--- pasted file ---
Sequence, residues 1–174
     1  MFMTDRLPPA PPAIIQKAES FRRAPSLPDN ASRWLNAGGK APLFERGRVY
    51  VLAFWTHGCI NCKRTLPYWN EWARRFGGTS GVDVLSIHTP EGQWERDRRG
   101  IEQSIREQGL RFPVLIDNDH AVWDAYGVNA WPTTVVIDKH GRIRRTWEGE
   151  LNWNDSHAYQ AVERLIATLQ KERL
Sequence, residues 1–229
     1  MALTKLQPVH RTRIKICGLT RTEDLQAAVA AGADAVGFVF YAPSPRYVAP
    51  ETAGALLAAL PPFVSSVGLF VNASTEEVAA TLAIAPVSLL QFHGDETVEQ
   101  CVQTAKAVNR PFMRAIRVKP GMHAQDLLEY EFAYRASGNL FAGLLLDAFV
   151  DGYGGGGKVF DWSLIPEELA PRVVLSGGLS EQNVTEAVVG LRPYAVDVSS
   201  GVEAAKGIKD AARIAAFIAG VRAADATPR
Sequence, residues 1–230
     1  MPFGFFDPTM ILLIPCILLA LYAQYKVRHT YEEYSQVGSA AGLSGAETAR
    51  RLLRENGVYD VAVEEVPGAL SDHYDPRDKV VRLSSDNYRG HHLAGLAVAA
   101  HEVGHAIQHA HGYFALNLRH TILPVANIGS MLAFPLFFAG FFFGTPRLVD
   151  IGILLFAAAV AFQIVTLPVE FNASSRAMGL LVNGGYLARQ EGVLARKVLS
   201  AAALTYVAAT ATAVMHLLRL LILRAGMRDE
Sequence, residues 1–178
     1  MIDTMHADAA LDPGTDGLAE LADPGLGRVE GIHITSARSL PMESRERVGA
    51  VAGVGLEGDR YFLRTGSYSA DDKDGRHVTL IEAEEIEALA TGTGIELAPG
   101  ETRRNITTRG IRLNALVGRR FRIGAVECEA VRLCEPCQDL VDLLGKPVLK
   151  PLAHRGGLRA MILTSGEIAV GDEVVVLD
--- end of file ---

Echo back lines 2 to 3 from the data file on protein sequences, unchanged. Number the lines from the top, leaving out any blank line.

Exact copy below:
     1  MFMTDRLPPA PPAIIQKAES FRRAPSLPDN ASRWLNAGGK APLFERGRVY
    51  VLAFWTHGCI NCKRTLPYWN EWARRFGGTS GVDVLSIHTP EGQWERDRRG